Trend-Cycle Theory, Hiding In Revision
It is nearly impossible to spot recession and economic weakness in real time through economic accounts alone. Because of the way economic estimates are gathered and, more importantly, calculated, they will always be “behind the curve” of economic trends as they shift from one state to the next. In other words, the Bureau of Economic Analysis, much like the NBER, will be the last to know about a recession.
The primary case in point is the Great Recession itself. Going by concurrent estimations of GDP growth rates, the BEA did not see any actual contraction until October 2008.
Because of the way GDP approximations are released to the public (advance, preliminary, then final), there is a monthly running record of estimated economic growth. Again, none of the estimates for GDP were negative until the advance estimate for Q3 ’08, which was then only slightly negative. By then, it did not matter since panic had already gripped liquidity and asset markets all over the world.
Up until that panic, however, it appeared as if the economy was accelerating its way out of any potential recession. That summer, according to the BEA, economic growth looked very promising. It wasn’t until 2009 that there was no mistaking what had already occurred. Before that, it was, in no small part because of these mistaken calibrations, somewhat plausible that the economy might “decouple” from the brewing financial peril.
Since that time, the BEA has re-examined and re-evaluated its data and statistical calculations, particularly as it relates to trend-cycle analysis and theory, and has new post hoc estimates of how bad 2008 actually was.
The picture of the Great Recession changes entirely in the wake of the benchmark revisions process. But even this comparison fails to capture just how bad concurrent analysis really was.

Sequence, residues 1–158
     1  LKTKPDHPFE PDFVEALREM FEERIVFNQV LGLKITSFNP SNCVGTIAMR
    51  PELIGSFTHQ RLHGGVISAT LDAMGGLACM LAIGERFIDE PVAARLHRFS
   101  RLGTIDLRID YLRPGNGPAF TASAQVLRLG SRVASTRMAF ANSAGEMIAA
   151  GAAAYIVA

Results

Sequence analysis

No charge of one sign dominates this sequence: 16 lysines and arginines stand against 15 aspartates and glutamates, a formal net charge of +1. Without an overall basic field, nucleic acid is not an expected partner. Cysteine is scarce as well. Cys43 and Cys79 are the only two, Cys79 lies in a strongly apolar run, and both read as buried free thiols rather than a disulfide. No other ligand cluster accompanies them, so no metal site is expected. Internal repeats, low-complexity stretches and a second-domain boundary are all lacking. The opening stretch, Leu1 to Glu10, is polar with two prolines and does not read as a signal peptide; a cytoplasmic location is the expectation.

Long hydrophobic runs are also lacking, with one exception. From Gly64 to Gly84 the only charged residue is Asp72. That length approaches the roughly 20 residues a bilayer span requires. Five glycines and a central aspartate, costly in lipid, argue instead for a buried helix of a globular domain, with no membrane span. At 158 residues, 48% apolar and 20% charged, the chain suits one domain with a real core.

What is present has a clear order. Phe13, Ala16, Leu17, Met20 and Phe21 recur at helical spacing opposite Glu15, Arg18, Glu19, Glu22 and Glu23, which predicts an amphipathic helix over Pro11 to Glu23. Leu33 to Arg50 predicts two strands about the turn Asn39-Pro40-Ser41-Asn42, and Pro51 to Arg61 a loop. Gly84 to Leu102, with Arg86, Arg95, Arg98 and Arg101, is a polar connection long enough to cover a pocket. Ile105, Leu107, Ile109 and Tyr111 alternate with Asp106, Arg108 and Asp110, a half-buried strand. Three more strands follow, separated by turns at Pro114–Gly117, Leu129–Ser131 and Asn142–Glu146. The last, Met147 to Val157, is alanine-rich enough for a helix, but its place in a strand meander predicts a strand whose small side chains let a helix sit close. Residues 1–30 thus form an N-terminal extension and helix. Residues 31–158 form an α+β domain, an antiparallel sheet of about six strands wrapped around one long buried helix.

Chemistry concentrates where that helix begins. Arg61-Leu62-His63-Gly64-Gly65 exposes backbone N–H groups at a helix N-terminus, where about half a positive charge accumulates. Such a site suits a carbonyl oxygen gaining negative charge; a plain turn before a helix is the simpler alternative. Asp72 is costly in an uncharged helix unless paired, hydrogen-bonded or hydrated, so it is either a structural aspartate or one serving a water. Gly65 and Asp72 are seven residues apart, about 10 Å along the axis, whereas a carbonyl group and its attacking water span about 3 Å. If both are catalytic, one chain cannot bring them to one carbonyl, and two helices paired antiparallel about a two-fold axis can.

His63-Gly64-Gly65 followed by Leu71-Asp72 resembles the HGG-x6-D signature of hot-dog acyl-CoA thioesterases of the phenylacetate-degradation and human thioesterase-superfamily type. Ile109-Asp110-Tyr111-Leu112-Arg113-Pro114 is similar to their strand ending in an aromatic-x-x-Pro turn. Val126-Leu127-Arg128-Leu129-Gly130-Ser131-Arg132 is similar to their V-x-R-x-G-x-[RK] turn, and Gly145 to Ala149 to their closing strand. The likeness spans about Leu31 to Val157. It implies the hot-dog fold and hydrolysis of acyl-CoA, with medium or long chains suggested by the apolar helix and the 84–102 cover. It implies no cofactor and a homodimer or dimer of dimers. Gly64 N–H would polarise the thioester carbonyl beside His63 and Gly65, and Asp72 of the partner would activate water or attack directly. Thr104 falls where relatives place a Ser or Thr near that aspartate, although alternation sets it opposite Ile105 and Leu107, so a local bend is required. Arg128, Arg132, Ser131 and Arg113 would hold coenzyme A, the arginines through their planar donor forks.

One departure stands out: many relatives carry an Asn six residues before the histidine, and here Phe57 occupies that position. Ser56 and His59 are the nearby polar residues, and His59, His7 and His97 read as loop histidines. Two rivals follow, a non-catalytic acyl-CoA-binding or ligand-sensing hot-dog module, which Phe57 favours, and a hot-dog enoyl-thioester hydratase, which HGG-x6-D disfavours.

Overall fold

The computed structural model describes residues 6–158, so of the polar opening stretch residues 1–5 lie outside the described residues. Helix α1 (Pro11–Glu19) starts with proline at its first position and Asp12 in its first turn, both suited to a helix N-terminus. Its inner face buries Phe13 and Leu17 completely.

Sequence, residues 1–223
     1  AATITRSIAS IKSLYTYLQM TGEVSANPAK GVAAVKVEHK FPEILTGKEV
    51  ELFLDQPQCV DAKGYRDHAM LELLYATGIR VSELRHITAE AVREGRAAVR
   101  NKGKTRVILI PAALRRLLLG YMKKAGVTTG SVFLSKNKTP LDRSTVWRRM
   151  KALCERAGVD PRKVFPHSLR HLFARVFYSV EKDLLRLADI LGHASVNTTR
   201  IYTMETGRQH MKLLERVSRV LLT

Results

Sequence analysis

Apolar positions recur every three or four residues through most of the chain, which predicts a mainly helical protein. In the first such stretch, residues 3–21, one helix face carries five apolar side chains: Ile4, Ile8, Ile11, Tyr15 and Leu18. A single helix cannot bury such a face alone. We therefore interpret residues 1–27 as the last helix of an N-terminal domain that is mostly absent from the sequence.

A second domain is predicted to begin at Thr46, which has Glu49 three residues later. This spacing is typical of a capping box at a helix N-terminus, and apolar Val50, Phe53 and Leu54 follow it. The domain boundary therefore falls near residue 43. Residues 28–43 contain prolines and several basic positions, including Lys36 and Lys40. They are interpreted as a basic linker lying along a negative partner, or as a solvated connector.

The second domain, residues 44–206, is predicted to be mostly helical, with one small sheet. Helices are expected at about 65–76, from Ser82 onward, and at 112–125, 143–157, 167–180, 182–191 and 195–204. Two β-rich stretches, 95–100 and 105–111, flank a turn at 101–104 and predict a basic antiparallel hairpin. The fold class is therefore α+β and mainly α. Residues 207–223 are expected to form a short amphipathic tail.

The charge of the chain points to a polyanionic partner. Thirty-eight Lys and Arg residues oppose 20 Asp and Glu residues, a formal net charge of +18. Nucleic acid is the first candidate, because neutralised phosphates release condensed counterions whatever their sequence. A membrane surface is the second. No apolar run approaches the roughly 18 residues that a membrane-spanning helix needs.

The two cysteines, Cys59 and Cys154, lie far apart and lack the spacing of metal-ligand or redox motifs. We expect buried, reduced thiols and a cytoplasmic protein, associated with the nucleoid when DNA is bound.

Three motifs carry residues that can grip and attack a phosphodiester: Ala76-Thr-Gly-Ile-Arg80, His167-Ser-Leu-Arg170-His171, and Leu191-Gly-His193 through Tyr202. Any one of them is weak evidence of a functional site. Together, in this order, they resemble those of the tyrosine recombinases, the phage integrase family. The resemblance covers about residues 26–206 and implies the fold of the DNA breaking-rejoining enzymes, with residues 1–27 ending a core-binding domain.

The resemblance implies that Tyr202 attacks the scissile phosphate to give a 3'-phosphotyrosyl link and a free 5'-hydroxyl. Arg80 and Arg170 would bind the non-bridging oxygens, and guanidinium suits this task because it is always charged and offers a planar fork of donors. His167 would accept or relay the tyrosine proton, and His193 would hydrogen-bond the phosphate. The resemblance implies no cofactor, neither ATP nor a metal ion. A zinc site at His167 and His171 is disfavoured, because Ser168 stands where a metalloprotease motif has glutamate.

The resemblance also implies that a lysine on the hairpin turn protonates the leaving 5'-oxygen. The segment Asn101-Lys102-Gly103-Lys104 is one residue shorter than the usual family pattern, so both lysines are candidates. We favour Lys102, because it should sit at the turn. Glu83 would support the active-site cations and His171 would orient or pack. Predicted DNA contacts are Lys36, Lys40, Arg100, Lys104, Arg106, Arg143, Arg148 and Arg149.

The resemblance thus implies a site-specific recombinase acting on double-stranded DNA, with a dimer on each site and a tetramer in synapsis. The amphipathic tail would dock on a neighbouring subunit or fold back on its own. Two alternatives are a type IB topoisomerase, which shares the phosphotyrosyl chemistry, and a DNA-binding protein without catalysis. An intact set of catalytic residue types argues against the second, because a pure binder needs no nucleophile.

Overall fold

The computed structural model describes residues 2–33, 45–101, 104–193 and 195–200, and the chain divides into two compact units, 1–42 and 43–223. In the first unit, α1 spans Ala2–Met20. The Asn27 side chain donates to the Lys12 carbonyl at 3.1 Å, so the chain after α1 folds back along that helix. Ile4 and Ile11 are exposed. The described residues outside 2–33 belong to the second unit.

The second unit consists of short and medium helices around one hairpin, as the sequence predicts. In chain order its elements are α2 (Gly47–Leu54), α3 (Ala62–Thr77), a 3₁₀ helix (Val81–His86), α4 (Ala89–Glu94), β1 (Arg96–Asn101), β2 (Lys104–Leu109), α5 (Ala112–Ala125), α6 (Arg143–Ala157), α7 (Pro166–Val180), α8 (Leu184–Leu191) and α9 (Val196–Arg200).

For the first three quarters of 2008, initial indications, even “final” estimates, were off by a wide margin. Judging them by these new estimates, the BEA gave a completely different and erroneous picture of the US economy heading into the panic period.
Where they saw nearly 1% growth in Q1, they not only got the sign wrong, it was actually the worst quarter of any in the prior two decades – worse than all in the 2001 recession. In fact, the last time the US economy had experience of -1.8% or worse was in Q4 1991. That’s not just an error, it is fully misleading.
The hope inspired by Q2 ’08, while not fully revised away, looks much different at 1.3% than 3.3% (preliminary estimate), particularly since so much of conventional analysis considers +2% growth above “stall speed”. For the Bush administration’s ridiculous fiscal “stimulus” (remember the $300 or $600 “rebate”) it actually looked as if it might be helping. As did bias toward monetary stimulus and Chairman Bernanke’s predictive abilities [June 2008, “The risk that the economy has entered a substantial downturn appears to have diminished over the past month or so.”]
Lastly, once summer waned and panic had fully dug into the various markets, the BEA was still only showing a small and minor contraction for Q3 ’08. What was estimated in the “advance” release in October 2008 at -0.3% has now been re-calculated at -3.7%; an order of magnitude beyond in scale of contraction. Q3 ’08 was the worst quarter for GDP growth (to that point) since Q1 1982. None of this severity was conveyed by economic accounts at the time; indeed, to many, including the economists sitting in voting positions at the FOMC, the opposite, slow-growth path seemed to have been confirmed.
The contemporary estimates of GDP simply do not make sense in light of what came next. While initially missing with the advance estimate for Q4 ’08 in January 2009 at -3.8%, by the next month the BEA would finally grasp reality outside its economic accounts; -6.2% which is now figured at a near-catastrophic -8.9%.
What looked like slow growth to the X-12-ARIMA calculations at the BEA was something drastically worse – a great dichotomy between official figures and the trends that had developed in other indications, including finance and liquidity. Worse, these figures were incorporated across the spectrum, from investor expectations (market rallies in early summer 2008) to the “worst is behind us” proclamations from every policymaker and economist within the vicinity of a microphone. The BEA gave that sentiment an “empirical” foundation, hardening the rampant recency bias.
If you want to find recession, the last place you should look is GDP.
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